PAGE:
Tools & data

Background

Deveron predicts continued increase in ag-data use

With the recent acquisition of Veritas Farm Management, the data analytics arm of South West Ag Partners Inc, Deveron UAS – a Canadian agricultural drone service company – is becoming an ever-larger player in the North American agronomic services market.

Spokespeople are positioning the company as an independent source of practical farm insights. The acquisition decision, they add, was driven by a belief that farm digitization and the value of data-based decision making will continue trending upwards.

Practical business decision support to farmers

According to David MacMillan, president and chief executive officer for Deveron, the acquisition – as well as a recently announced partnership with A & L Laboratories in London – is designed to facilitate the creation of an independent data services network that provides practical business decision support to farmers across North America.

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“We’re excited to start building platforms where farmers from anywhere can transfer data to Veritas for analytics”, he says. “We had lots of customers coming to us directly for agronomic help.”

More efficient and trustworthy agronomic insights

MacMillan adds his company’s network of drone operators was already driving significant business to Veritas’s analytical services. Incorporating it as a division within Deveron, he says, allows for more efficient and trustworthy agronomic insights.

We are not going to make money on anything but the insights we provide

“Deveron and Veritas are independent from input sales […] We want to take data and help people make money from it; you can see that in our business model”, says MacMillan. “We are not going to make money on anything but the insights we provide.”

More data from more farms is the trend

The Veritas acquisition was also driven by visions of an ever-more digitized agricultural landscape. While MacMillan reiterates that he does not think drones and data technologies are going to “save the world”, he does say the number of producers turning to and finding real value in those technologies continues to increase. He anticipates that a majority of farmers will be using data-technologies to improve operational efficiency by 2025.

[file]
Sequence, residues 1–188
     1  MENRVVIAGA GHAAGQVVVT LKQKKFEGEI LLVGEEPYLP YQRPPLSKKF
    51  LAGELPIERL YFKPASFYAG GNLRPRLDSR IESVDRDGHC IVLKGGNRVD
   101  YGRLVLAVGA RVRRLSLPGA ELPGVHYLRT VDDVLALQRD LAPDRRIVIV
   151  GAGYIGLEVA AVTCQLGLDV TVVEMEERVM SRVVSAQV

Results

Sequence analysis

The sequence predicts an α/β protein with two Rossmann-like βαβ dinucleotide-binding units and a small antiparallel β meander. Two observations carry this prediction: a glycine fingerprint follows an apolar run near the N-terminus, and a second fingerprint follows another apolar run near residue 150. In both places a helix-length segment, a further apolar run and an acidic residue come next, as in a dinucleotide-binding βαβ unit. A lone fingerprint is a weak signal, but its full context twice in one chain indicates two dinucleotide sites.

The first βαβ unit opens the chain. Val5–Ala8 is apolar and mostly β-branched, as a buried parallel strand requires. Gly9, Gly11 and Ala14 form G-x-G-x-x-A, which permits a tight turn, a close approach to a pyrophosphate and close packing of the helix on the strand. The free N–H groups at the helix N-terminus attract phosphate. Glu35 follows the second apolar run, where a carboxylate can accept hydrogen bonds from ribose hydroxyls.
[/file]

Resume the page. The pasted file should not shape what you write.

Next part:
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While MacMillan reiterates that he does not think drones and data technologies are going to “save the world”, he does say the number of producers turning to and finding real value in those technologies continues to increase. - Photo: Bert Jansen
While MacMillan reiterates that he does not think drones and data technologies are going to “save the world”, he does say the number of producers turning to and finding real value in those technologies continues to increase. - Photo: Bert Jansen

Farmers own the data

MacMillan says they currently operate on a business model where “farmers own the data”. However, his company does have the ability to collectively pool farm data. This, he says, is not intended to have a malicious air. “There is substantial opportunity to further improve the practical, money-saving impacts data can have at the farm level, but those improvements depend on using aggregated data to develop and improve agronomic tools – while better communicating can drive return on investment.”

The individual nature of farms is a really important thing to remember

Overall, MacMillan says Deveron’s main goal is to build products that allow farmers to make more informed decisions – particularly when it comes to high-cost input decisions – based on more fact and less feel.

“The whole Silicon Valley type of involvement (in agricultural data technologies) is fine, but it’s easy to program a computer to do anything and get away from the field”, says MacMillan. “The individual nature of farms is a really important thing to remember. There’s lots of opportunity.”

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